New Deputy Minister of Health and Community Services in Newfoundland and Labrador
Don Keats has been appointed deputy minister of health and community services for Newfoundland and Labrador. Keats has an extensive background in senior executive leadership in healthcare and the public sector. His career has included roles as CEO of three former provincial health corporations: Central West, General Hospital and Grand Falls and District. Keats has also served as CEO of Queensway-Carleton Hospital in Ontario, assistant deputy minister of the Department of Health and Community Services and assistant deputy minister with the Nova Scotia Department of Health. He holds a master's degree in health services administration from the University of Alberta and a bachelor of commerce degree from Memorial University. Keats's background includes service on the boards of the Newfoundland and Labrador Hospital and Nursing Home Association, the Canadian Health Care Association and the Newfoundland and Labrador Centre for Health Information. His past accomplishments include recognition as one of the top healthcare executives in North America.

OHA Appoints New President and CEO
Tom Closson will become president and CEO of the Ontario Hospital Association (OHA) effective January 14, 2008. Closson is one of Canada's most prominent healthcare leaders. He has previously served as president and CEO of three of the nation's leading healthcare organizations: the University Health Network in Toronto, Ontario, the Capital Health Region in Victoria, British Columbia, and Sunnybrook Health Sciences Centre, also in Toronto. He is a professional engineer, holds a master's degree in business administration and has extensive experience in healthcare management and governance, leadership and facilitation, change management, strategy development and e-health implementation.

Closson will assume his responsibilities after the retirement of current OHA President and CEO Hilary Short, following her 34 years of exemplary service to the organization.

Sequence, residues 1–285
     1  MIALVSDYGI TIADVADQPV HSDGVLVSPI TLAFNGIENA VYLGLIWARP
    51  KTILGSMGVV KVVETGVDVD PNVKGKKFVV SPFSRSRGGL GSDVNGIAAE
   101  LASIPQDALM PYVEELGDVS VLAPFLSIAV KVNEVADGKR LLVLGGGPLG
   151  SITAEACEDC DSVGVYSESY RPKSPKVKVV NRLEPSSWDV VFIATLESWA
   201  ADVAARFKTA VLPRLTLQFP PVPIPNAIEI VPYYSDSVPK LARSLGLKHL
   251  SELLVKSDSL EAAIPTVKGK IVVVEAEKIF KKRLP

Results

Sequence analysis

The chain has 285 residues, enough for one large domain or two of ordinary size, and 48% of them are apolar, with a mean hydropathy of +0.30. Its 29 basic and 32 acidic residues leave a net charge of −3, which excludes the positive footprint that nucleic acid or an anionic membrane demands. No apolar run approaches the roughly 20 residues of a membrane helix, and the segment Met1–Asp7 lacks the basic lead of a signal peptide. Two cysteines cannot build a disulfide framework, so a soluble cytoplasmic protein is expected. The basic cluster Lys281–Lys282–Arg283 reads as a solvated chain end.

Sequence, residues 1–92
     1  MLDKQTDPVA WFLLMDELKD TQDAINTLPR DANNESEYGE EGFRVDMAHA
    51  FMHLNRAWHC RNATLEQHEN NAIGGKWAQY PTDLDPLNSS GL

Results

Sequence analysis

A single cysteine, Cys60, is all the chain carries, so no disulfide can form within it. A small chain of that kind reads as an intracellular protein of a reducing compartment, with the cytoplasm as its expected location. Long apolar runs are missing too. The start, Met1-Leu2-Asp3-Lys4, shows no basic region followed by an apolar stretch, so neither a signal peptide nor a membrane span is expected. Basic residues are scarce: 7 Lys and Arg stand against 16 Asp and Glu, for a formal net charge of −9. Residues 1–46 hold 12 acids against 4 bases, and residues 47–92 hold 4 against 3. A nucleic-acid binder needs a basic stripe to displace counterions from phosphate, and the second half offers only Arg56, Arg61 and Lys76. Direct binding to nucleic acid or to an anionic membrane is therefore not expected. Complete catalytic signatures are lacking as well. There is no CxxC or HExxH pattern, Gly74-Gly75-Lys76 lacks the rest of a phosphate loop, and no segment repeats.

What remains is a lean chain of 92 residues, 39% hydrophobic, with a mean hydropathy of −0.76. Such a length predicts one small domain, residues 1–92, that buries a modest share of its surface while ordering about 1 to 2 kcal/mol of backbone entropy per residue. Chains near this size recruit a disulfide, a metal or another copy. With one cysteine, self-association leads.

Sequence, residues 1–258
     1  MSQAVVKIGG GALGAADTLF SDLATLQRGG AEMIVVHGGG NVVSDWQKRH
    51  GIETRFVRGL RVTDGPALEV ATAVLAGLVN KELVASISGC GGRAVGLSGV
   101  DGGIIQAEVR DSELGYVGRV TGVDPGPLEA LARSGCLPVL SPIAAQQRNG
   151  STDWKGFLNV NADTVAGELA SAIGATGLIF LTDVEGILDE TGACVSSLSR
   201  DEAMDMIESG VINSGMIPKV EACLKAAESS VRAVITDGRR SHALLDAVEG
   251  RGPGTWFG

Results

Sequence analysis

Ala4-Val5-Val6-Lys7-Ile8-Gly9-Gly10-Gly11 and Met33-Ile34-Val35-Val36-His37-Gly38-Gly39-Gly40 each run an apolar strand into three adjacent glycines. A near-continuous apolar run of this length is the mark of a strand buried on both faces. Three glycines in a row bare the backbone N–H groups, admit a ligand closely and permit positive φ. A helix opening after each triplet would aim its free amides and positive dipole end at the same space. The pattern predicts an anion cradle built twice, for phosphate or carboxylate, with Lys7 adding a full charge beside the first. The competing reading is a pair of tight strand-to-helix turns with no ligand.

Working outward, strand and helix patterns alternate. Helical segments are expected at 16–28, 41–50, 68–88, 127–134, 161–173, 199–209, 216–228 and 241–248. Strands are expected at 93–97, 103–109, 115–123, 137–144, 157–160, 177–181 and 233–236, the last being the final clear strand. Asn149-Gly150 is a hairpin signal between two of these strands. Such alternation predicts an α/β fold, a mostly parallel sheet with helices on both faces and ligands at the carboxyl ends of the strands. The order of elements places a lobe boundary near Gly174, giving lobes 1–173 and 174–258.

Bruno Giros Joins Douglas Institute and McGill as Graham Boeckh Chair in Schizophrenia
One of the world's leading figures in the study and treatment of schizophrenia is joining the Douglas Mental Health University Institute and McGill University as the new Graham Boeckh chair in schizophrenia. Bruno Giros, PhD, who created the Neurobiology and Psychiatry Laboratory at France's Institut national de la santé et de la recherche médicale (INSERM), officially joined Douglas and McGill on November 29 as the second Graham Boeckh chair in schizophrenia. He succeeds Dr. Guy Rouleau, who held the chair from 1998 to 2004.

Giros, who is also McGill's Canada Research chair in neurobiology of mental disorders, has been a pioneer in the molecular characterization, cloning and study of a large number of dopamine and glutamate receptors and transporters. These represent some of the main targets for widely used psychotropic drugs. He is also one of the leading scientists developing the first genetic models in mice that could allow us to link these molecules to integrated brain functions and enable us to model certain types of psychosis.

Canada's Top Health Researchers Recognized
Canada's top health researchers were recognized in November at the Sixth Annual Canadian Health Research Awards - A Celebration of Excellence. These awards are among the Canadian research community's highest honours. The following individuals and organizations were recognized for their outstanding contributions to improving the health of Canadians:
  • Dr. Francis Plummer (chief science advisory and scientific director general, National Microbiology Laboratory, Public Health Agency of Canada) was the recipient of the Canadian Institutes of Health Research (CIHR) Michael Smith Prize in Health Research - Canada's Health Researcher of the Year in the category of Biomedical and Clinical Research. This award recognizes innovation, creativity, leadership and dedication to health research. Dr. Plummer is one of the world's leading specialists in HIV/AIDS. His work has also led to low-cost interventions to reduce the spread of HIV/AIDS, tools that have been adopted by UNAIDS and the World Bank.